Figure 1: (a) Color fundus photograph of the right eye showing mild vitreous haze, multifocal chorioretinal yellowish-white infiltrates (arrows), and hyperemic optic disc. (b) Fluorescein angiography of the right eye showing severe optic disc leakage and staining and diffuse retinal vascular leakage

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The patient was admitted with a provisional diagnosis of right acute nongranulomatous panuveitis probably representing atypical toxoplasmosis. Uveitis workup was performed and included complete blood count (white blood cells: 6.600 103/μl), renal and liver function test, purified protein derivative skin test, computerized tomography (CT) of the chest, syphilis and toxoplasmosis serology, erythrocyte sedimentation rate (ESR: 5 mm/h), C-reactive protein (2.85 mg/L), and urine analysis that all came to be negative. Her hemoglobin A1c was 6.7%. The patient was started on empirical anti-toxoplasmosis therapy including clindamycin (300 mg four times daily) and co-trimoxazole (160 mg trimethoprim/800 mg sulfamethoxazole daily), followed by systemic prednisolone 1 mg/kg body weight. She experienced transient mild improvement in her clinical picture that was followed by persistent and unresponsive inflammation. Thereafter, the toxoplasmosis serology came to be negative. After requisitioning the patient about the details of her pregnancy history, she admitted that she had persistent vaginal discharge that was not associated with fever during the peripartum period.

A gynecologist was consulted, and a vaginal swap was obtained which showed heavy growth of Candida albicans. Furthermore, on consultation with the infectious disease team, blood and urine culture; CT chest, abdomen, and pelvis with contrasts; and cardiac echography were performed, which all came to be unremarkable. As the inflammation was not responding and vitritis was increasing, we noticed the appearance of whitish vitreal colonies, which was highly suggestive of fungal infection.

Vitreous tap was performed for cytology, culture, and sensitivity, and empirical intravitreal amphotericin B was given (10 μg/0.1 ml). Cultured vitreous sample showed growth of C. albicans sensitive to amphotericin B and micafungin. The patient was started on intravenous micafungin (100 mg daily for 3 weeks) in addition to pars plana vitrectomy and lensectomy with a complete removal of the vitreous debris and colonies. The aspirated fluid from the vitrectomy cassette was centrifuged and cultured. The results showed persistent growth of C. albicans. Examination 3 months after vitrectomy, her best-corrected Snellen visual acuity was 20/40 and intraocular pressure was 16 mmHg, and slit-lamp examination showed clear cornea with quiet anterior chamber, clear vitreous cavity, and flat retina. Left eye examination was within normal.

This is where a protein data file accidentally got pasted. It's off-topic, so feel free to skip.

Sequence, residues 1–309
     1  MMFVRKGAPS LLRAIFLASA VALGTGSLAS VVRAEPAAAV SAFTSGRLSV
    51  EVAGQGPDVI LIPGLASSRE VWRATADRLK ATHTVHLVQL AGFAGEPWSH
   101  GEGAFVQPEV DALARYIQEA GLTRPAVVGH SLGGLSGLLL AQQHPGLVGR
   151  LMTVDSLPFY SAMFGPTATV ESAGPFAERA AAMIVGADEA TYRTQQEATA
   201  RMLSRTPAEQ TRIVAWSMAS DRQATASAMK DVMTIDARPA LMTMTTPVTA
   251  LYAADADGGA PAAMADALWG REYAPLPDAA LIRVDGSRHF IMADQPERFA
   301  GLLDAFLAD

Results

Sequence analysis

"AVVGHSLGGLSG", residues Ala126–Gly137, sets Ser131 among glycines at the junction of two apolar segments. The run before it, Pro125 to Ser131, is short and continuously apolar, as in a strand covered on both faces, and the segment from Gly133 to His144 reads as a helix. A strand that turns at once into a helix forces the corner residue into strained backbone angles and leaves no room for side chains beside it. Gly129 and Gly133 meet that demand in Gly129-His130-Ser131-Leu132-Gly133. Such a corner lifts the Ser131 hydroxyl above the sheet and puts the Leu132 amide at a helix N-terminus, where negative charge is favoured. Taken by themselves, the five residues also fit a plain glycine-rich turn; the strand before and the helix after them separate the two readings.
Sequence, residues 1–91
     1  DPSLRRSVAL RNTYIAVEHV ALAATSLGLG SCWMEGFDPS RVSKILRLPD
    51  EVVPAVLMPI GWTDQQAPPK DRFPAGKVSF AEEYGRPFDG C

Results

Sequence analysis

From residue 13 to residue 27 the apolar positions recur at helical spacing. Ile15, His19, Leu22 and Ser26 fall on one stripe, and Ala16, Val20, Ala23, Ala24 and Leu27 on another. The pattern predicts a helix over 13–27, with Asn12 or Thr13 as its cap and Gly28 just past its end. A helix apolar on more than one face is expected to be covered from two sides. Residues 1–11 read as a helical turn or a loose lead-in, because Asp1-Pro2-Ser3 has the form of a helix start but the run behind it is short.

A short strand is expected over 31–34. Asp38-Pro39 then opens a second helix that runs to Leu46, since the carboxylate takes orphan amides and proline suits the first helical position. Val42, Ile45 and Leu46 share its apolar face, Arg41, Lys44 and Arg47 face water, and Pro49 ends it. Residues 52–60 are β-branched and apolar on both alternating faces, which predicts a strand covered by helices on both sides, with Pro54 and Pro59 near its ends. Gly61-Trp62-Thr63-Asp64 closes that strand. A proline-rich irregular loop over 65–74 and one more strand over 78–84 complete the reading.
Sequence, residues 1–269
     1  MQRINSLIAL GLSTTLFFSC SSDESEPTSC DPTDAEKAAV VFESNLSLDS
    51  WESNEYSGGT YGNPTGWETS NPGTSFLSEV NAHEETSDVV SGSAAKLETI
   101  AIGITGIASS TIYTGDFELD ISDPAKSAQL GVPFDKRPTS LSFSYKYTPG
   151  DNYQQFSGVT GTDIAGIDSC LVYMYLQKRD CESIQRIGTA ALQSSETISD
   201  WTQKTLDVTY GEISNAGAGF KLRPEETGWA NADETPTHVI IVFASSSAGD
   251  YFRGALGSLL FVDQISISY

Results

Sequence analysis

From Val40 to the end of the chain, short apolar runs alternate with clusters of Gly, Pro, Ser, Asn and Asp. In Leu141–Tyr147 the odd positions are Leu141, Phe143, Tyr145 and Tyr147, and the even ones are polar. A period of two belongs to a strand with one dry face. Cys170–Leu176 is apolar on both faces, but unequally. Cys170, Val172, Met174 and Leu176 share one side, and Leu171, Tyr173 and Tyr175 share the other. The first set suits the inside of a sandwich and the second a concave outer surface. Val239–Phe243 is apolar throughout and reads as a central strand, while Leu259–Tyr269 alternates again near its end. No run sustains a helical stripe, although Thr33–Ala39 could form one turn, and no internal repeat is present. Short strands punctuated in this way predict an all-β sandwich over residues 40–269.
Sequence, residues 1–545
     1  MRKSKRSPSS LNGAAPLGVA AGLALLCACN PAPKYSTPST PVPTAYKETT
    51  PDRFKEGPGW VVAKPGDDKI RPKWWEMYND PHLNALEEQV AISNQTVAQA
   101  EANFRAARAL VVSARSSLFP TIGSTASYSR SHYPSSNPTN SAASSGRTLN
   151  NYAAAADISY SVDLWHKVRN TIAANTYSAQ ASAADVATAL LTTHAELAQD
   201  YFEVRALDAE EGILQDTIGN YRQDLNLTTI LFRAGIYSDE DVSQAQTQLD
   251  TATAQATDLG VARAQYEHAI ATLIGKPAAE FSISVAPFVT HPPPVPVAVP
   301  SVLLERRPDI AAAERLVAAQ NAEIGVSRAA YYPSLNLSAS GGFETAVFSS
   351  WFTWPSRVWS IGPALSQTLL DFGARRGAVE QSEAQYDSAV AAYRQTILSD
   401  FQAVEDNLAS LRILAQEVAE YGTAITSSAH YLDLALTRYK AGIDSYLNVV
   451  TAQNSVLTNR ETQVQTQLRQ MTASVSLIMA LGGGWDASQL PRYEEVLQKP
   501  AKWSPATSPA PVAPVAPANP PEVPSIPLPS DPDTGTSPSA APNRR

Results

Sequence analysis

Discussion Top

C. albicans is considered as normal flora of the respiratory and gastrointestinal tracts and is isolated from the female genital system in up to 15%–21% of nonpregnant women.[2] Hormonal and immune changes influence colonization of the genital tract by microorganisms; thus, the prevalence of vaginal infections with C. albicans increases during pregnancy. Candidemia with secondary ocular colonization is an extremely rare condition after normal vaginal delivery.[3] It has been hypothesized that maternal candidemia occurs as a consequence of ascending vaginal infection that invades traumatized genital tract during delivery, causing direct introduction of Candida elements into the vascular system and the subsequent development of candidemia. Once the pathogen has been introduced into the bloodstream, it has the propensity to localize in the organs supplied by end arterioles, such as the choroid.[2],[3] Candida endophthalmitis classically presents as a focal or multifocal chorioretinitis.